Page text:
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Earnings at Airbus more than halved during the first three months of the year and came in below expectations as the European aerospace group’s newest jets were beset by production problems.

Adjusted earnings before interest and tax – which is meant to capture the performance of the underlying business by factoring out things like provisions, restructuring and acquisitions and disposals – tumbled 52 per cent to €240m in the March quarter compared to a year earlier. Analysts had predicted adjusted earnings of €326m.

The company noted that a fall for the commercial aircraft division’s adjusted Ebit mainly reflected “aircraft delivery mix, transition pricing and some higher ramp-up costs.” However, those ramp-ups have been made more difficult by issues at key suppliers, that ultimately slowed delivery of new aircraft, namely the A350 XWB and the A320neo.

Regarding its troublesome A400M military transport aircraft, which has been the subject of delays and technical problems, Airbus said “challenges remain on meeting contractual capabilities, securing sufficient export orders in time, cost reduction and commercial exposure, which could be significant.”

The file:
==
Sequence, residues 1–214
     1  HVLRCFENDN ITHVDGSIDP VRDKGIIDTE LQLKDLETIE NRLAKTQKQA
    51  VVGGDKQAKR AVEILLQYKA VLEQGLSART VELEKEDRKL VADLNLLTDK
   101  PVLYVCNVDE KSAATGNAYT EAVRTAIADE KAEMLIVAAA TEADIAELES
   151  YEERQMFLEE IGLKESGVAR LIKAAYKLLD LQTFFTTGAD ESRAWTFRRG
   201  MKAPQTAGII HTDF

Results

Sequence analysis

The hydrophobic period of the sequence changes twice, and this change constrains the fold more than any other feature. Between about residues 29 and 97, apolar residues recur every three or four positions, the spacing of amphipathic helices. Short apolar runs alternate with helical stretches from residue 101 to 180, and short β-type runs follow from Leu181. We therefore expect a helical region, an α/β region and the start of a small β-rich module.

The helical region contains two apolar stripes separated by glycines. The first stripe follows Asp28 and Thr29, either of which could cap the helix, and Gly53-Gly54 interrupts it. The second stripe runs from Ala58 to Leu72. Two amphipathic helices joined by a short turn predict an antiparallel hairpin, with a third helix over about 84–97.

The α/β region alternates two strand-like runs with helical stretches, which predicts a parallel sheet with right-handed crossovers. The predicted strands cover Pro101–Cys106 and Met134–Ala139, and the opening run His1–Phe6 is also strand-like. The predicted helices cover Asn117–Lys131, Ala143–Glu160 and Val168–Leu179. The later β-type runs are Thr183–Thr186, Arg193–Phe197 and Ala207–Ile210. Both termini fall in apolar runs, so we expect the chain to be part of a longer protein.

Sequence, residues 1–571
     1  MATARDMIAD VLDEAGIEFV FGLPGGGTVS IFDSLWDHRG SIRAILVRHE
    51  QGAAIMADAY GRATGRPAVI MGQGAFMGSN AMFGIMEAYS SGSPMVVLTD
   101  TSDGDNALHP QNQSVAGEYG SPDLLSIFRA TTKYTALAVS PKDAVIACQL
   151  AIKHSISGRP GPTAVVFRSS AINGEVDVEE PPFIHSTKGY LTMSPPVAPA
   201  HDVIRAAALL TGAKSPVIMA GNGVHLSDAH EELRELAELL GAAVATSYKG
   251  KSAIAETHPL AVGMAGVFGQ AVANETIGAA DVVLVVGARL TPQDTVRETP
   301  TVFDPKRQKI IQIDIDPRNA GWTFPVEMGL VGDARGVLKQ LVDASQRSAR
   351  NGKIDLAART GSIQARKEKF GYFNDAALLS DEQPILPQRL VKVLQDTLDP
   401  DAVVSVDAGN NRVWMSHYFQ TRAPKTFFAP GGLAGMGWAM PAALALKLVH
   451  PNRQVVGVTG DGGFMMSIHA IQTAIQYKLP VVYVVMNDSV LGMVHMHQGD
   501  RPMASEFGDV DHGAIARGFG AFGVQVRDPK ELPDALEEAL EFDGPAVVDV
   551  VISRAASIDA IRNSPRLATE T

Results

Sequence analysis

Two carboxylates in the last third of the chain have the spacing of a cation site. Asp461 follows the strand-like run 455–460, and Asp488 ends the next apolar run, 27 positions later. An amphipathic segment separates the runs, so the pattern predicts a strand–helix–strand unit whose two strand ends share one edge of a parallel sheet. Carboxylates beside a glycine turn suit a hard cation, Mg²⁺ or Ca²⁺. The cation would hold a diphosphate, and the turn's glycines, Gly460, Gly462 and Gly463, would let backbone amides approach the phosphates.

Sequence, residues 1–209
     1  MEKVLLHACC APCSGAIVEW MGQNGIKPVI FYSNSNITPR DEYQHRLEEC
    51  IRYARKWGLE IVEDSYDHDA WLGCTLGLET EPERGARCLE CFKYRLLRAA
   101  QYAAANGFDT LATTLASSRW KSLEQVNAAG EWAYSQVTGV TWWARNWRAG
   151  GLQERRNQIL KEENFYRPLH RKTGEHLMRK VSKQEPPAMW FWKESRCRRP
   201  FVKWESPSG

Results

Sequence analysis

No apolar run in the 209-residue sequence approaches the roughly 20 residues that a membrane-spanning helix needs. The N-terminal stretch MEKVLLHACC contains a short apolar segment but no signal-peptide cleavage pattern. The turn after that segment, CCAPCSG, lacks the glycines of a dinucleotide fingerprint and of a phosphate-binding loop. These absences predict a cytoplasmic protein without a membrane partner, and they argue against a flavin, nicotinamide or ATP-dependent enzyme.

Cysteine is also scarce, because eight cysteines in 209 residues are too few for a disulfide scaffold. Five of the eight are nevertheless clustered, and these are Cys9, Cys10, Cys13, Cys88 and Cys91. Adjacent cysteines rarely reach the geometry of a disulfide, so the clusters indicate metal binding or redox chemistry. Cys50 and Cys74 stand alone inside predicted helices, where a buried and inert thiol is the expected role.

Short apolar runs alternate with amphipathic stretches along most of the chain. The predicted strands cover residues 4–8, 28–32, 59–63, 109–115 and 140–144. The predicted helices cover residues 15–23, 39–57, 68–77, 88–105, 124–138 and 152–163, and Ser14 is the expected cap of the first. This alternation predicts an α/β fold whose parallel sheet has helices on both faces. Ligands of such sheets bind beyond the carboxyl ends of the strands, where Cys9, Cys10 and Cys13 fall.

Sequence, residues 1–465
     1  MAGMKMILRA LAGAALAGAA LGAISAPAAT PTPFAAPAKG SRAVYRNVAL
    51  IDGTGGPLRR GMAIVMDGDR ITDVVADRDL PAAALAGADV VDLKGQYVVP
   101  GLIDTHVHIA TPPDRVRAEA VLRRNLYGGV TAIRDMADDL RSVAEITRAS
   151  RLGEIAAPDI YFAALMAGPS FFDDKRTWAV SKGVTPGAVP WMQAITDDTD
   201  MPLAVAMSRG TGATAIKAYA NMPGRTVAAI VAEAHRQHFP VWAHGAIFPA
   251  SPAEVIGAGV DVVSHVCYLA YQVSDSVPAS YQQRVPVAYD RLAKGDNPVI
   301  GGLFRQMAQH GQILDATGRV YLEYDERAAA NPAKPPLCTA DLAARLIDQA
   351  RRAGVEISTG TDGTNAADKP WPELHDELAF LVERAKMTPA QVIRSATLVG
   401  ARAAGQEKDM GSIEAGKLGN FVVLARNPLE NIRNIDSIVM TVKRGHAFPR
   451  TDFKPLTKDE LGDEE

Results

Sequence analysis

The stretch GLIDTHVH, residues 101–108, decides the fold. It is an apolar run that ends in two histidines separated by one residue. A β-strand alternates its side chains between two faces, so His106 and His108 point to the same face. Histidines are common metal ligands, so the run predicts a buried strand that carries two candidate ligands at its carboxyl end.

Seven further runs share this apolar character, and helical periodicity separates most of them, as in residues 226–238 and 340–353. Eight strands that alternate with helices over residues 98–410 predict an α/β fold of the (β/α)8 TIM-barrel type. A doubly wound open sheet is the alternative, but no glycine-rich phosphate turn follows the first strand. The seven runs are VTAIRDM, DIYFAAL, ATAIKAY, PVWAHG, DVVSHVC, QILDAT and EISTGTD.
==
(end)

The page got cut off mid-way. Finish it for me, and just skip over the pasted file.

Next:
Group revenue, though, was up by 7 per cent to €13bn, while net profit jumped 52 per cent to €608m.

Tom Enders, chief executive, said the first quarter performance “doesn’t offer any big surprises” and said the company remained on track for its full-year earnings target. He added:

New order activity was low in Q1 as predicted but let’s not forget that our strong order book of over 6,700 commercial aircraft supports our ongoing production ramp-up. Programme execution remains key for all our businesses!

Airbus’s order intake in the first quarter this year totalled €3.8bn, a little more than half what it was a year ago. The order book stood at €1.03tn, a €30bn decrease from last year.

The company expects to deliver mid-single-digit percentage growth in adjusted Ebit in 2017.

Copyright The Financial Times Limited 2017. All rights reserved.
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